X

Thank you for sharing!

Your article was successfully shared with the contacts you provided.
In 1985, Brian Calen claimed he was blinded in the right eye in a cruise ship accident. Seven years later, he said a ship’s telescope blinded him again. Then, he said, he was blinded on two more trips — by a champagne bottle and a flying disc. All in the same eye. Calen’s unlucky streak — which allowed him to collect more than $1 million in travelers’ insurance money — finally caught up with him Wednesday, when he was charged with insurance fraud and grand larceny. “How does a guy get blinded again and again?” District Attorney Jeanine Pirro asked. Calen pleaded not guilty at his arraignment in Westchester County, N.Y., Court and was freed on $10,000 bail. His lawyer, Peter Goodrich, said the charges pertain only to the 2002 claim and “it’s our opinion that they are absolutely wrong on that.” He said Calen disclosed a prior injury during the claims process and “it’s up to the insurance company to determine the validity of the claim.” If convicted, Calen could be sentenced to five to 15 years in prison. Pirro spokeswoman Anne Marie Corbalis said Calen, 48, took out insurance policies that covered losses during travel but did not require a medical examination. The policies were sometimes triggered just by charging the trip on a credit card, she said. In 1992, Calen collected $75,000 after claiming the filter on a cruise ship telescope fell off, resulting in solar burn. Five years later, he collected $1 million after claiming he was blinded by an exploding champagne bottle on another cruise. Pirro said Calen had deliberately broken a bottle and injured himself with the shards. In 2002, Calen filed a claim for $500,000, alleging he was blinded by a flying disc on a riverboat cruise with a Civil War theme. Pirro said an alert insurance investigator discovered his prior claims and notified authorities. Corbalis said prosecutors have not determined if Calen tried to file an insurance claim after the 1985 accident. Medical records showed that he suffered retinal damage, but the cause was unknown. Copyright 2004 Associated Press. All Rights Reserved. This material may not be published, broadcast, rewritten, or redistributed.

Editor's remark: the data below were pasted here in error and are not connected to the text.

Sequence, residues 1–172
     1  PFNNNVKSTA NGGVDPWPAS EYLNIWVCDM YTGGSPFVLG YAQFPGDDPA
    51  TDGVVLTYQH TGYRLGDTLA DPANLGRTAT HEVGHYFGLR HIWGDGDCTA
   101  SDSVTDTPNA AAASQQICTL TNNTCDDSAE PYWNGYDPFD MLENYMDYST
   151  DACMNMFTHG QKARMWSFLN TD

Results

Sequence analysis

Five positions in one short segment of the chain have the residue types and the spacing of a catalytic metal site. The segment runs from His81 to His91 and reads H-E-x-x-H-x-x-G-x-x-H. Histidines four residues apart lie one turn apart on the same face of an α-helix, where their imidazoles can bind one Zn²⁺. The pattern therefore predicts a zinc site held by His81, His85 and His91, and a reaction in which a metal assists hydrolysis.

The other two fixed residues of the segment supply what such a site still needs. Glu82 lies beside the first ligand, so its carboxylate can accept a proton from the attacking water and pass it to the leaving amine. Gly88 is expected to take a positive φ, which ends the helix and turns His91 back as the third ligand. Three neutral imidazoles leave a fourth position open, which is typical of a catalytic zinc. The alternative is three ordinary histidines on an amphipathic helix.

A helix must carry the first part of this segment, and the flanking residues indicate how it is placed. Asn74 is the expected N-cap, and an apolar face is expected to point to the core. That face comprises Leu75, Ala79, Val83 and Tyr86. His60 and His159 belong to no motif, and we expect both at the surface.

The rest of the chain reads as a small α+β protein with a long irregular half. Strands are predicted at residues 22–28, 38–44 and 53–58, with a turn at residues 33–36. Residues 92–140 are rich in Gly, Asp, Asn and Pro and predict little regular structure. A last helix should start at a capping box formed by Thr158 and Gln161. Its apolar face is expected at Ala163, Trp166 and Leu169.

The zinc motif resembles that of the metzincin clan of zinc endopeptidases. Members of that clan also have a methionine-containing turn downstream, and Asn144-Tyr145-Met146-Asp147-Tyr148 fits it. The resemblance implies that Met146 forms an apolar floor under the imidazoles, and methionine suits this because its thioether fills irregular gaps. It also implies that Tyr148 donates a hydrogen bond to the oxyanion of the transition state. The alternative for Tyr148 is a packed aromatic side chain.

Want to continue reading?
Become a Free ALM Digital Reader.

Benefits of a Digital Membership:

  • Free access to 3 articles* every 30 days
  • Access to the entire ALM network of websites
  • Unlimited access to the ALM suite of newsletters
  • Build custom alerts on any search topic of your choosing
  • Search by a wide range of topics

*May exclude premium content
Already have an account?

 
 

ALM Legal Publication Newsletters

Sign Up Today and Never Miss Another Story.

As part of your digital membership, you can sign up for an unlimited number of a wide range of complimentary newsletters. Visit your My Account page to make your selections. Get the timely legal news and critical analysis you cannot afford to miss. Tailored just for you. In your inbox. Every day.

Copyright © 2020 ALM Media Properties, LLC. All Rights Reserved.